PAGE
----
Into the world of creatives
Who are you?
Nice to meet you guys, my name is Mikael Johansson and I’m a Photographer from Sweden. Currently I do a lot of work in London but the idea would be to established myself a bit more back in Stockholm over the coming years.
How does a shooting day looks like for you?
How I work on a shoot or how my day looks depends quite a bit on the type of project. Me working on personal projects or a portrait could be me working together with the model without anyone else in the team. Shooting a commercial project would most likely include a larger team with art directors, producers, styling, make-up, hair, assistants and digi-ops. Although I do like to have a very hands on approach and I like to keep my team as small as possible for a more relaxed personal set. I’ve been shooting a lot of e-comm and editorial content recently and that tends to be studio work. That means (depending on calltime) that I get up around 6am and make my way to the studio, and coffee, coffee is key.
What is the best subject you have shot?
I really like portraying and working with people that aren’t used to be in front of the camera, although it can be quite the challenge, for me it becomes more about the characters that way. I’ve had the habit recently of shooting a lot of candid casting portraits with an old point and shoot camera on black and white film. It allows me to strip away all the suggested beauty, make-up and glamour of a shoot and almost attempt to de-objectifying the model by subjectively portraying who hen really are.
We particularly like the series We are men, can you tell us more about it?
We Are Men is one of those projects that came about quite a long time ago but is still one of my projects that I have enjoyed working on the most. I set up to explore the way I portray the people in my pictures and how we, generally speaking, interpret a photograph. No matter connotations regarding gender, sexuality or beauty I wanted to question the way we look at portraits and how heavily influenced we are by the standards set by media i.e objectification of women. In most of my work I try to raise these issues. There is also a sense of romanticism in the pictures which are clearly inspired by Renaissance art. So it comes back to question what some people believe be the most valuable qualities in life, youth and beauty.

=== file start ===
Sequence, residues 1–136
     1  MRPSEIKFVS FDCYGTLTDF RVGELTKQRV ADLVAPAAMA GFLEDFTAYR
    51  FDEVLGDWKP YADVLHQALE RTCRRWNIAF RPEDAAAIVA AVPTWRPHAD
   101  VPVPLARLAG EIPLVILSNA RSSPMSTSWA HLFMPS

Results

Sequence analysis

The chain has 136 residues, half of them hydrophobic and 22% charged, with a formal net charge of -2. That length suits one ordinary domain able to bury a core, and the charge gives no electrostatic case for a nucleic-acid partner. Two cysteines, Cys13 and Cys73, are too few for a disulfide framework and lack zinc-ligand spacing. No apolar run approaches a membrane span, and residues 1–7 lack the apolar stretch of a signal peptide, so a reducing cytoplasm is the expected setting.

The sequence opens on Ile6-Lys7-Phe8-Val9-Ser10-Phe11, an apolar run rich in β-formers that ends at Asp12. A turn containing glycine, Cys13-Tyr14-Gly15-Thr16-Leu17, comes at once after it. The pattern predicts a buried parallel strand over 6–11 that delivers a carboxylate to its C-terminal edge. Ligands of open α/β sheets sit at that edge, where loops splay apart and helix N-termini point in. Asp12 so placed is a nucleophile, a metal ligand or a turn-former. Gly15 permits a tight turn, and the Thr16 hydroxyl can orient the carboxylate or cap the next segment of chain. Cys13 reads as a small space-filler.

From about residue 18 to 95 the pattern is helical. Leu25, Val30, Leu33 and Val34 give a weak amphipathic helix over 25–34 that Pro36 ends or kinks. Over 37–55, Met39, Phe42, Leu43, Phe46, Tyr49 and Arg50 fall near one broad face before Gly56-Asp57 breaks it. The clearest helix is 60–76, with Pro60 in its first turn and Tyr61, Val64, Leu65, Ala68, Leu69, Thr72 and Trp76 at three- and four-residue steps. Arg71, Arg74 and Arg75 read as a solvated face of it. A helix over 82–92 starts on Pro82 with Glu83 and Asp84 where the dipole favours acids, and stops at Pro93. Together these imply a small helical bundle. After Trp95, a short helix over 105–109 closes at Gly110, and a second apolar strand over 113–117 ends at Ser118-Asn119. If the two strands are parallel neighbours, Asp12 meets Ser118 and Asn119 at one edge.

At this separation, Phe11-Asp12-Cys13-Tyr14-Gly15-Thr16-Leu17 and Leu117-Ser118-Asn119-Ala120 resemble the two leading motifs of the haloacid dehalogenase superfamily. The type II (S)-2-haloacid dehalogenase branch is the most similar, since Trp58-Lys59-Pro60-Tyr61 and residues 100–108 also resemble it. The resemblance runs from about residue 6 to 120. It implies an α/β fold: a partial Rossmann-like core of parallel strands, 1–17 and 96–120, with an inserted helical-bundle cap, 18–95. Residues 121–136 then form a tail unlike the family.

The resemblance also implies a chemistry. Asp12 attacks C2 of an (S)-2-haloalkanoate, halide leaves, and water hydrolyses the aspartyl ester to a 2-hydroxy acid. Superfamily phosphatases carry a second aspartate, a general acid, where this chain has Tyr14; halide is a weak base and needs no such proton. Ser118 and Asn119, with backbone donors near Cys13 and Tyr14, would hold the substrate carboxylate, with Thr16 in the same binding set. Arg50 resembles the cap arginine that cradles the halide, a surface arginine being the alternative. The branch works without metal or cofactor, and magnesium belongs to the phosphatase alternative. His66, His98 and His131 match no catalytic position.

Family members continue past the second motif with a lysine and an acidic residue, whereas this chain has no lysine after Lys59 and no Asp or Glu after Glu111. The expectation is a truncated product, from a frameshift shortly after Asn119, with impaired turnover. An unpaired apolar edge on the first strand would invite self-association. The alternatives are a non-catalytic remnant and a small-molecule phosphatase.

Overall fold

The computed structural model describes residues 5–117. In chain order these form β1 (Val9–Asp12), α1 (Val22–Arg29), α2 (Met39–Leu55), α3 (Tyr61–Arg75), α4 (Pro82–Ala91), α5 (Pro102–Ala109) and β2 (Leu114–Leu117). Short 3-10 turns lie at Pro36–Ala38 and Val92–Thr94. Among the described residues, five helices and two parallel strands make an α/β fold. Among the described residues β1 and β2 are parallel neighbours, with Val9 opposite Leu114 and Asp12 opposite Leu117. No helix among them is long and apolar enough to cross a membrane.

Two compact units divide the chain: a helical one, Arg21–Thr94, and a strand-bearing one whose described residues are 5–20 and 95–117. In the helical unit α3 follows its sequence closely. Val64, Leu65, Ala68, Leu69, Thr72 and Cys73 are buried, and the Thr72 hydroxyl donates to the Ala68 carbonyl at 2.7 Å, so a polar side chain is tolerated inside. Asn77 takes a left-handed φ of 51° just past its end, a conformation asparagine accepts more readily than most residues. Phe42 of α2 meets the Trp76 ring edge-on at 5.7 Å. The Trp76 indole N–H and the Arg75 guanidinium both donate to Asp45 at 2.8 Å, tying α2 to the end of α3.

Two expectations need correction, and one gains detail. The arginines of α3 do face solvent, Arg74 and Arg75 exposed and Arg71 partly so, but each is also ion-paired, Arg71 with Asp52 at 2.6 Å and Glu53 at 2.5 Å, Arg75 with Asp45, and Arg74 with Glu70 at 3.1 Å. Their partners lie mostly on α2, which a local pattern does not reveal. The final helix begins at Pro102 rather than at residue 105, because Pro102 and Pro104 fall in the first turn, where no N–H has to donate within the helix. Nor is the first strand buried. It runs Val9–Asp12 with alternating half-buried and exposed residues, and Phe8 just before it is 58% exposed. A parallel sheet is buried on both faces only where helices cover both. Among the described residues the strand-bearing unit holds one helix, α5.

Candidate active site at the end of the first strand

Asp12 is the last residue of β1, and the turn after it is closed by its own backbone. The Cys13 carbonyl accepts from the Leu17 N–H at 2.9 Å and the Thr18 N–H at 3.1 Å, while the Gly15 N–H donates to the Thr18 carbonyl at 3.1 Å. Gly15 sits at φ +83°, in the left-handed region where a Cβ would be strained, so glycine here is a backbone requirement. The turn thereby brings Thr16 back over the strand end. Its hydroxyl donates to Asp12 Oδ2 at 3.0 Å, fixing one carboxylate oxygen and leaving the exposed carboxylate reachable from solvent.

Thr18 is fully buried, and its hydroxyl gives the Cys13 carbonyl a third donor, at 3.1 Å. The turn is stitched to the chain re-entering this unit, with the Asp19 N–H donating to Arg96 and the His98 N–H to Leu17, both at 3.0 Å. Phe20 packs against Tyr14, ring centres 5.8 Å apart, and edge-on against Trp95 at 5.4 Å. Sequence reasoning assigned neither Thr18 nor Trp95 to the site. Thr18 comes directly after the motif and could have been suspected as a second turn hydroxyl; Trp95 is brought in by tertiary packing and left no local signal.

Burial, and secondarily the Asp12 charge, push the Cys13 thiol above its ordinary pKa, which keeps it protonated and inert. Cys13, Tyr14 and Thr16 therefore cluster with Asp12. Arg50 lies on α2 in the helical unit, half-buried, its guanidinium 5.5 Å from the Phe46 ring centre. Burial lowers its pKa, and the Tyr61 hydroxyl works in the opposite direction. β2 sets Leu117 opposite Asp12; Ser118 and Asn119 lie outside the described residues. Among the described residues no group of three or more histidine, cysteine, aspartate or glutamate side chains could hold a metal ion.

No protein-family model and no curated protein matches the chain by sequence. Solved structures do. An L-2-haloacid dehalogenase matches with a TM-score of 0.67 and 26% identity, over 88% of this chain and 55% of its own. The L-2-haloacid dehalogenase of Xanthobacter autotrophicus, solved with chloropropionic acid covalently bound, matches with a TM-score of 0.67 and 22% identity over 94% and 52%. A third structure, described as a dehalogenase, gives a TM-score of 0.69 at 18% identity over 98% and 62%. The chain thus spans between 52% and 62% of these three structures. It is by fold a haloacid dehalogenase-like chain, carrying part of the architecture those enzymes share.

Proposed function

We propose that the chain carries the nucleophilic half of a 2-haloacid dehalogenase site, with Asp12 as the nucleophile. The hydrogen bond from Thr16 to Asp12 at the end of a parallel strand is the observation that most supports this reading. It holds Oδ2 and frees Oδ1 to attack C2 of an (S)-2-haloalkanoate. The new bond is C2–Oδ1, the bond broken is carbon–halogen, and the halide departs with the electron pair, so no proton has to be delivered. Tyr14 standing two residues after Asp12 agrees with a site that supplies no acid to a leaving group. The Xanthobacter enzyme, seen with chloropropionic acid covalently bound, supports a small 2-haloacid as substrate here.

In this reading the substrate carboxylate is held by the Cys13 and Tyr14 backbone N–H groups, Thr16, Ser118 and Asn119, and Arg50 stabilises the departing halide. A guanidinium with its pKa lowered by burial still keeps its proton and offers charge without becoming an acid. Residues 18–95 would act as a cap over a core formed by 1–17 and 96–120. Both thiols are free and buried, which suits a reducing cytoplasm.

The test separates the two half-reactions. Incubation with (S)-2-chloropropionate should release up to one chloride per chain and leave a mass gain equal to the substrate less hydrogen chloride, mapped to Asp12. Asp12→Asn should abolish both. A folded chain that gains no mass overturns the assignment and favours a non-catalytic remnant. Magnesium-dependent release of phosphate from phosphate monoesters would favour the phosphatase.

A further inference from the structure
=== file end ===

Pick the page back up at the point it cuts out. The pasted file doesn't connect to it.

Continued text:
What material do you prefer working with? Do you have any tips?
I have always preferred working with film, and to be honest more clients seem to willingly let you shoot film because of current trends which is actually really fun. For studio projects I don’t mind digital, in most cases for me that means something from the Canon 5D range, but if Phase One could throw a camera my way that’d be gold, the quality on those backs are intense. With that said, I don’t think you need a diamond embellished pen to write a great novel. For me it’s more about the concept rather than the quality of the shot. I would say whatever camera feels good is what you should be shooting with, no matter quality or make, go with what’s comfortable.
Do you always have a camera with you? If so, which one?
Well, most of the time I carry an analogue point and shoot camera for random snaps, visual diary and to shoot things that inspire me. Usually that camera is an old and fairly knackered Ricoh Gr1. If not I always have my iPhone on me and for emergencies it kind of works.
What is the best photo you have ever seen?
Even if I spend hours trying to figuring out which photograph is the one that has affected me the most I still find the question itself too complicated, I mean there are a lot of great pictures out there. When it comes to art I really like work that provokes but a beautifully shot portrait with natural light will always hit a sweet spot for me. This is one that I would have to come back to for a second discussion.
Do you spend a lot of time post-processing your images?
Post-processing for me is more about grading, fixing curves and getting the colours on point rather than beauty retouch. I have a few amazing retouchers to help out when they’re needed. Again it does depend a lot on the client and this is one of the reasons I like shooting on film, most people are quite happy with minimum retouch on film and you can get away with just leaving the pictures be. I do think we have a lot shared responsibility in the industry if we want to shift the current beauty standards and the issues that it represents.